If you are pulled over for reasonable suspicion that you are driving under the influence of alcohol, the police officer will be looking for specific signs that will tell him that you are indeed intoxicated. For example, the officer will ask you questions to determine if your speech is slurred. He will also notice how well you move by noting gross and fine motor movements as you hand him your license and registration and as you pull the window up or down. Other signs for which he will be watching include open bottles of alcohol in the vehicle and the smell of alcohol or drugs in the vehicle or on your breath. He may even shine a flashlight into your eyes to see how well they focus, whether they are bloodshot and how dilated or constricted the pupils are. In most cases, any abnormal findings during this preliminary investigation, which only takes a few brief moments for the officer to perform, will be noted in his report.
Of course, even before you are stopped, the police officer will have noted other signs that you could have been driving under the influence of alcohol. For example, he or she may have noted whether you were swerving or whether you had difficulty staying in your lane. Other signs that you may be driving while intoxicated include failing to obey traffic laws and driving offensively.
Keep in mind that whether or not you think you are drunk or feel intoxicated is not the question. You may feel that none of your mental or verbal skills have changed at all. However, in many states, only a small amount of alcohol can render you incapacitated for driving and may leave your blood alcohol level raised significantly enough to lead to a DUI.
As you can imagine, the reason for any of these suspicious activities may not be related merely to drunk driving. In fact, there are many physical and mental reasons as to why you could have been driving erratically or why you appeared intoxicated when the officer looked at and talked to you. Consider some of these reasons for erratic driving that are unrelated to blood alcohol level.
• Using buttons or dials on your dashboard
This could include changing the radio station or CD, changing the thermostat or using in-car entertainment or GPS systems.
• Using your cell phone or smart phone
This is definitely not a safe activity and is one that is not allowed in many states. In fact, numerous states list texting while driving as a fineable offense, and others only allow drivers to use hands-free devices for talking on the phone while driving. Consider pulling over before using your smart phone in the car.
• Looking away from the road while driving
Glancing down for a moment, taking your hands off the wheel or looking at a passenger can cause you to swerve from your lane or accidentally slow down or speed up.
• Difficulty seeing the road
You may have more problems seeing the road as you grow older, especially during night driving. Glare from the sun or rain as well as whiteouts from fog or snow can impair your driving ability.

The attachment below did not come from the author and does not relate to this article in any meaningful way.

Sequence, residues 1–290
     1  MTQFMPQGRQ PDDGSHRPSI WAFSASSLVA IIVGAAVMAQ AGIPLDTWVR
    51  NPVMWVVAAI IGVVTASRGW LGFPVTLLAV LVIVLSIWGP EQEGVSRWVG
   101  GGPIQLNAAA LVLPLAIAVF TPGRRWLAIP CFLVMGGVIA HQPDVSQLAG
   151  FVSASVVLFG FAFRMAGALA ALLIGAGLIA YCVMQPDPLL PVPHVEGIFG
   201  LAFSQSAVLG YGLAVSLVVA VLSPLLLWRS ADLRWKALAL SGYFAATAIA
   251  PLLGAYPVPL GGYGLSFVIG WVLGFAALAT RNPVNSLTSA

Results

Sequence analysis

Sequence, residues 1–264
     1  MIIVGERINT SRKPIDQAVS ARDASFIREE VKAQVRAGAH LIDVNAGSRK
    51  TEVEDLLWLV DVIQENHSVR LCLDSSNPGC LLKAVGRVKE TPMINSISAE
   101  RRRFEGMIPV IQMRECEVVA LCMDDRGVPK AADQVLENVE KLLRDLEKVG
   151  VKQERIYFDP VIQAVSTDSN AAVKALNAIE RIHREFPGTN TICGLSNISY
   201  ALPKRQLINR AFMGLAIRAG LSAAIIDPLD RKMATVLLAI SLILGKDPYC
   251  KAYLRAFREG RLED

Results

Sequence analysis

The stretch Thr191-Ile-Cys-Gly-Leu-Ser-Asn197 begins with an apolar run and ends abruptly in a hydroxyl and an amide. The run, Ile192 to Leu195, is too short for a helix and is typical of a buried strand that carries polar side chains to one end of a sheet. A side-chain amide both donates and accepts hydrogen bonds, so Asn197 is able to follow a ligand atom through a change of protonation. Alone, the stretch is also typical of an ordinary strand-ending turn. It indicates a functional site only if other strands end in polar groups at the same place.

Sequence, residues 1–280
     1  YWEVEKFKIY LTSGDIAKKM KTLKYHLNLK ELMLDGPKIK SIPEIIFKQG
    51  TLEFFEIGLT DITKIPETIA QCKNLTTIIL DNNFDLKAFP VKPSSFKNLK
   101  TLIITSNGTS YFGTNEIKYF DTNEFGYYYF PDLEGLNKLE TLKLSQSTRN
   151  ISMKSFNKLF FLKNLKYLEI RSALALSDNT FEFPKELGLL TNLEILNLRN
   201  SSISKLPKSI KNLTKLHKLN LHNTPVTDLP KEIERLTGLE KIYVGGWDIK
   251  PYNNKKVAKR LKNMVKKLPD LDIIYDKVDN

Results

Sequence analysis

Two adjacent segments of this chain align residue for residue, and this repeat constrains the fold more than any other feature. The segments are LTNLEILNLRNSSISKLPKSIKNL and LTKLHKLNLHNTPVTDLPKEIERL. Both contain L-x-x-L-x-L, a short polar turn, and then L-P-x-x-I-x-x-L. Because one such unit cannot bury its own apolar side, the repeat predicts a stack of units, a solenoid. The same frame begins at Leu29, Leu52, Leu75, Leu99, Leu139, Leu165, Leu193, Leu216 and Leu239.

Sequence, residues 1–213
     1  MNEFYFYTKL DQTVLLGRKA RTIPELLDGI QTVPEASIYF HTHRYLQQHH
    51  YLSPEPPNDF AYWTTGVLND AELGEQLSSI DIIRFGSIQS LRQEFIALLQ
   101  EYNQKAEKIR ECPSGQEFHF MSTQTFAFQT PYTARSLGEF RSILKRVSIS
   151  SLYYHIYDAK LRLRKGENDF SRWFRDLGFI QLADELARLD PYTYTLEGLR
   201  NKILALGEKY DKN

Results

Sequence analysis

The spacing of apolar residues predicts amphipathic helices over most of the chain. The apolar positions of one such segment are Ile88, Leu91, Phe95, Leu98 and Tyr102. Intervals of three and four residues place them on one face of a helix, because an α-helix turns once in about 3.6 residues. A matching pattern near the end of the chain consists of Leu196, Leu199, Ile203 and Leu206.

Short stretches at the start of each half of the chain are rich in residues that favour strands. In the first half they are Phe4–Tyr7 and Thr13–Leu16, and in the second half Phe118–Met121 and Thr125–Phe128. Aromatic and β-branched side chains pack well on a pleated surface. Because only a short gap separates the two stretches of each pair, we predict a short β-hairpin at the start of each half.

• Simple negligence
• Poor concentration due to being followed by a police officer
Many police officers know this phenomenon as “black-and-white fever.” This is a psychological scenario in which individuals who know they are being followed by a police officer begin driving erratically because they are paying so much attention to the police car in their side view and rearview mirrors. This breaks the driver’s concentration and can lead to speeding as well as weaving.
Of course, while the majority of these reasons are not good excuses and could certainly end in an accident, they should not lead to a DUI arrest. Depending on the extent of your dangerous driving, you could end up with a charge of reckless driving, especially if you were involved in an accident, but with the help of a good attorney, it should be proven that you were not intoxicated at the time.
Additionally, consider these reasons for your physical and mental signs and symptoms of intoxication when the officer pulls you over.
Epilepsy can cause seizures that may be accompanied by odd behavior, such as dizziness, unresponsiveness and a sense of detachment from what is going on around you. While it can cause you to have your license taken away, it is not cause for a DUI.
• Brain injuries
Brain injuries may occur after blows to the head and can lead to extreme drowsiness, slurred speech and poor hand-eye coordination.
Diabetes with poorly controlled blood sugar or undiagnosed diabetes can lead to ketosis, which has the smell of acetone on the breath as a symptoms. Additionally, low blood sugar can lead to aggressive behavior, dizziness and poor concentration.
• Alzheimer’s disease
Alzheimer’s leads to progressive mood and personality changes, including confusion and anger. Those with Alzheimer’s often act disoriented or may mumble.
• Prescription and over-the-counter medications
Numerous medications can cause drowsiness, which can lead to difficulty with driving. In addition, some can cause visual changes and poor response time.
• Gastrointestinal disorders
While it is somewhat unusual, some GI disorders in which digestion is slowed can lead to fermentation in the gut and the smell of alcohol on the breath even if you do not ingest any alcohol.
• Mouthwash or cough syrup use
Many of these over-the-counter products contain alcohol and can lead to odor on the breath.
With the help of a good attorney and possibly with the help of a doctor, you may be able to disprove the officer’s initial findings of intoxication if you are arrested for DUI. Your attorney may suggest using dash cam footage or video footage from the police station holding cell to uphold the case that you were not acting in a way that showed intoxication despite what the arrest report state.